Many businesses use an exit interview to learn more from leaving employees than they can from those within the organisation. They are hoping that you will be more candid and may even reveal problems for staff retention. However, you need to approach an exit interview in the way that’s best for you, ensuring a number of different things, from a good reference to not burning bridges with professional relationships.
Here our top London recruitment agency takes you through how to approach an exit interview.
Think about it advance
You should be told about an exit interview in advance, so you can give it some thought.
Emotions may be running high, depending on your reason for resigning. However, you need to prepare how to professionally share what you want to share. Indeed, you may decide that it’s not in your best interests to share the full story, and that’s ok. If you do decide to share negative things about working for the company, you need to consider how to word them accurately, fairly, and in a way which reflects positively on you.
Preparing what you want to say in advance can help you manage your nerves more effectively too.
Offer thanks where you can
In order not to burn bridges, think about the ways in which you are grateful to the organisation. Have they helped you develop particular skills or achieve certain goals? Gratitude can go a long way. You never know when you may encounter colleagues and senior managers again, if they should leave the business too, so it’s useful to leave them with a favourable impression.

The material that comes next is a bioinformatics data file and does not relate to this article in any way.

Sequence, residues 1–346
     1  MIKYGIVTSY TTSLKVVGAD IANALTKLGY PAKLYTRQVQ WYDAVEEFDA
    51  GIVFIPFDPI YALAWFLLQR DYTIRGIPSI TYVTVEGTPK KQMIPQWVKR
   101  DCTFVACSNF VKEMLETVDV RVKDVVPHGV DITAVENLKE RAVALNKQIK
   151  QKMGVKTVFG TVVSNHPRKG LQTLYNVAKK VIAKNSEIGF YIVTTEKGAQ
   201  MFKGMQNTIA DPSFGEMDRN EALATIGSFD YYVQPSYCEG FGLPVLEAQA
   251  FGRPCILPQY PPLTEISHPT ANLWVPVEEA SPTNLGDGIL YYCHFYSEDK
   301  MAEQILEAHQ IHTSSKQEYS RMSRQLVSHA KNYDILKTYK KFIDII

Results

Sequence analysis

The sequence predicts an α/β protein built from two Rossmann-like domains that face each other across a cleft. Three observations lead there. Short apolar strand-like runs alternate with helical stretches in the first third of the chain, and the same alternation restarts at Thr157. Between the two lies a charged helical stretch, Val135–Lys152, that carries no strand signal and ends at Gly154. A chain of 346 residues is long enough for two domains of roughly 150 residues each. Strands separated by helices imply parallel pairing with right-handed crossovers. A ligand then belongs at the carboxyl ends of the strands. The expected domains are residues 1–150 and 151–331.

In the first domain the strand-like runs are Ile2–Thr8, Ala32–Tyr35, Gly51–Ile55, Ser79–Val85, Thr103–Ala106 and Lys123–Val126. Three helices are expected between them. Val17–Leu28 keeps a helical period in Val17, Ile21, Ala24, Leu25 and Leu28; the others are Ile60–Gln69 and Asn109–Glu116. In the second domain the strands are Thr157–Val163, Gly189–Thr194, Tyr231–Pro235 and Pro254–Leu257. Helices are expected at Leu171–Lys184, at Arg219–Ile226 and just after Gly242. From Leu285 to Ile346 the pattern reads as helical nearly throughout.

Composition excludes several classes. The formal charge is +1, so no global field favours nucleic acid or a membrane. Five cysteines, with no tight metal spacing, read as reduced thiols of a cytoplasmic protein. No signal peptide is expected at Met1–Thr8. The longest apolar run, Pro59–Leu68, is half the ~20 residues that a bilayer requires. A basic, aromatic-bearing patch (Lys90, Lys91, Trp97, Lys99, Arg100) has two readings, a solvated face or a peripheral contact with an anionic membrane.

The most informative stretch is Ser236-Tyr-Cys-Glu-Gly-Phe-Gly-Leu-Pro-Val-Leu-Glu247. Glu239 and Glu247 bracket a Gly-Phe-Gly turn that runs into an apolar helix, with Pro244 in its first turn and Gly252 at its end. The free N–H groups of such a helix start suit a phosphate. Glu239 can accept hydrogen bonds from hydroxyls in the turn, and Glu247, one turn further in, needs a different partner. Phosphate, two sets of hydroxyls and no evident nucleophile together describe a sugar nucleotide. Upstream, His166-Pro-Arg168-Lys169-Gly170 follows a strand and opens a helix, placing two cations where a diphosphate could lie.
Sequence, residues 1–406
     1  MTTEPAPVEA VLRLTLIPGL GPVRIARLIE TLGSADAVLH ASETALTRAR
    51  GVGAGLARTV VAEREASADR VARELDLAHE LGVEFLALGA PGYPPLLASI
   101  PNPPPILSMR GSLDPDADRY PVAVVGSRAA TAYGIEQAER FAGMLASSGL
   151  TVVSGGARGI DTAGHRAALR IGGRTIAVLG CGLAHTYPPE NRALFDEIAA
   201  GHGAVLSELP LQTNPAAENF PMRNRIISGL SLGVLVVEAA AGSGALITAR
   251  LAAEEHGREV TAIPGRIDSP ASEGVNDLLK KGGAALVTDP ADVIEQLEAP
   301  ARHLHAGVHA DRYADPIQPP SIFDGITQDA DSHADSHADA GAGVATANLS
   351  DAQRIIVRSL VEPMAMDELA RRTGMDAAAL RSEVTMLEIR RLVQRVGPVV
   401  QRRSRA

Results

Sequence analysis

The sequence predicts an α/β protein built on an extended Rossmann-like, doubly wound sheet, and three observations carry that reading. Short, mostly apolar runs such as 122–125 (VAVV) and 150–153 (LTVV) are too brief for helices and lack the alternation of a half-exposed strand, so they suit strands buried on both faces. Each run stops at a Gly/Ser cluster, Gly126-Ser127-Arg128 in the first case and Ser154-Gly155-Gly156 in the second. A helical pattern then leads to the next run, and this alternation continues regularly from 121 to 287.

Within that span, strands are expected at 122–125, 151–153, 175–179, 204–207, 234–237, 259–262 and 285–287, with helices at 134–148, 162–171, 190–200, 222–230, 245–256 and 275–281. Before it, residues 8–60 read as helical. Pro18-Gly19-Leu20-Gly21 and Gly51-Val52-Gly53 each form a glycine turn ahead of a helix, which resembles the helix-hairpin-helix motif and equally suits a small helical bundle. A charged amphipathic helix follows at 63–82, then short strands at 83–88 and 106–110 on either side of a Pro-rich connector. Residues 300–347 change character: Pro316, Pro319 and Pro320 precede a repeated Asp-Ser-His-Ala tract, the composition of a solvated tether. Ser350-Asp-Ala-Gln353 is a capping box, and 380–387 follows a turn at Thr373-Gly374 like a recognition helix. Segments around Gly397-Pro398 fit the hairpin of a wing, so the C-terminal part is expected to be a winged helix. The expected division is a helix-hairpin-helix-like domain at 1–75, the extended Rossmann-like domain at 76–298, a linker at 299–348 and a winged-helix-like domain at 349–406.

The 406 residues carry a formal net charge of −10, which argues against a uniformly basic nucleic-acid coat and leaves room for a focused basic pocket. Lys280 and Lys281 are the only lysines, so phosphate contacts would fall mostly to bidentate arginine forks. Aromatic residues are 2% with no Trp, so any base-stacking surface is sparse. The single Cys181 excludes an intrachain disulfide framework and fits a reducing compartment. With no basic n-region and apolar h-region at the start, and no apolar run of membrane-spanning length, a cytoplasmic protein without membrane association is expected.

Ask about your reference
It’s ok to ask about your reference within the exit interview. Indeed, you can help shape it by mentioning core achievements and the value you’ve added within the workplace. This strategic approach ensures that certain successes are high in the mind of your manager and/or HR when it comes to writing your reference for your next job.
Be realistic and calm
You may have fantasised about an exit interview where your bosses suddenly come to their senses and do things like apologise for a toxic working environment, or suddenly offer you the pay rise you’ve been after.
In reality, by the time you get to the exit interview stage, it’s unlikely that anything will change. Be realistic about this.
But also be calm. The exit interview isn’t a time to vent your grievances afresh. This should all have happened previously and it’s no benefit to you to stoke any burning embers.
Leave on a positive note
When the exit interview ends, be positive. Talk positively about your next opportunities and hopes for the future. Don’t burn bridges and consider how you can retain a professional connection with the organisation, if possible.
Look to the future
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